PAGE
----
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Cold water boils faster than hot water

FALSE

Updated: 2008/06/09 PM 5:04:32   Comment

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It is physically impossible for cold water to boil faster

This is myth that falls into the "suspend the laws of physics" category.  The October 21, 1998 issue of Scientific American states: "Cold water does not boil faster than hot water. The rate of heating of a liquid depends on the magnitude of the temperature difference between the liquid and its surroundings (the flame on the stove, for instance). As a result, cold water will be absorbing heat faster while it is still cold; once it gets up to the temperature of hot water, the heating rate slows down and from there it takes just as long to bring it to a boil as the water that was hot to begin with. Because it takes cold water some time to reach the temperature of hot water, cold water clearly takes longer to boil than hot water does. There may be some psychological effect at play; cold water starts boiling sooner than one might expect because of the aforementioned greater heat absorption rate when water is colder."[1]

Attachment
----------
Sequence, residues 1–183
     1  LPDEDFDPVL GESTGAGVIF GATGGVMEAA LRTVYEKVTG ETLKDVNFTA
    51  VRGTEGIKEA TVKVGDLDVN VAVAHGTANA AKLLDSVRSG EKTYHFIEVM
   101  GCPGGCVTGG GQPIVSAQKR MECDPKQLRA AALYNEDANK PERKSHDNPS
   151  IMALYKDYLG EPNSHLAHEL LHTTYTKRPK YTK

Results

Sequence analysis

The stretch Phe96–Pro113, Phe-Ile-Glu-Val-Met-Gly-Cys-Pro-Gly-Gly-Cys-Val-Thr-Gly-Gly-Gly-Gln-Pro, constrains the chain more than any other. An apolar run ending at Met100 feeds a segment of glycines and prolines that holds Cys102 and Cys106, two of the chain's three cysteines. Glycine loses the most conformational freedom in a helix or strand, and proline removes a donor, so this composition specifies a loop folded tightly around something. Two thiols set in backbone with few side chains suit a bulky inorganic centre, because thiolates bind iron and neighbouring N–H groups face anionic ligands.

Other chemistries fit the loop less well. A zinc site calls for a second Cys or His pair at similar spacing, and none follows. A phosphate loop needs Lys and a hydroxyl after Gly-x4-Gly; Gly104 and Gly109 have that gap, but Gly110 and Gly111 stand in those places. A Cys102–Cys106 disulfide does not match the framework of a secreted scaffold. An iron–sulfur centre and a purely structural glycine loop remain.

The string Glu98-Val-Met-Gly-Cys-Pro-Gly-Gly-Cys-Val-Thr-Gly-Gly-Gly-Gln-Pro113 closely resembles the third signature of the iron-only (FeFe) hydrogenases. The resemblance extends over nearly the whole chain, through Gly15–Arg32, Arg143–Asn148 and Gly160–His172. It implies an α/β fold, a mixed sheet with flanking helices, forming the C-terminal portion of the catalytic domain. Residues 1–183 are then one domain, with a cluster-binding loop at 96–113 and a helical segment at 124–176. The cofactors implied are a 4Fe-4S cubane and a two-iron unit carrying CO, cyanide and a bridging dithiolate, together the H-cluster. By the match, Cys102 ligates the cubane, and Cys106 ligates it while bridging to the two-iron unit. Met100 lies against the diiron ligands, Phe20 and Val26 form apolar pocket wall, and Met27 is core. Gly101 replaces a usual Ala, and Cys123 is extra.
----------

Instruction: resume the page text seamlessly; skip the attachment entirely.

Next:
But cold water does heat faster than warm water!

"Apparently this myth has its origins in the fact that cold water heats faster than warm water. A pot of water at 40o will reach 60o faster than a pot of 70o water will reach 90o, given the same heat source. This is because the rate of heat transfer is proportional to the temperature differential between the heat source and the item being heated. But the cooler water will always take longer to boil.[3]

And hot water can sometimes freeze faster than cold water

It is true, however, that warm water sometimes freezes faster than cold water. This happens only under very specialized conditions, and has nothing to do with boiling water."[3]

Sources:

  1. Scientific American

  2. New York Times
  3. Kitchen Myths

*Note, however, that many people generally avoid using hot tap water for cooking on the theory that the hot water is not as clean from sitting in the water heater or from leaching substances from the pipes (a worry in houses with old plumbing).



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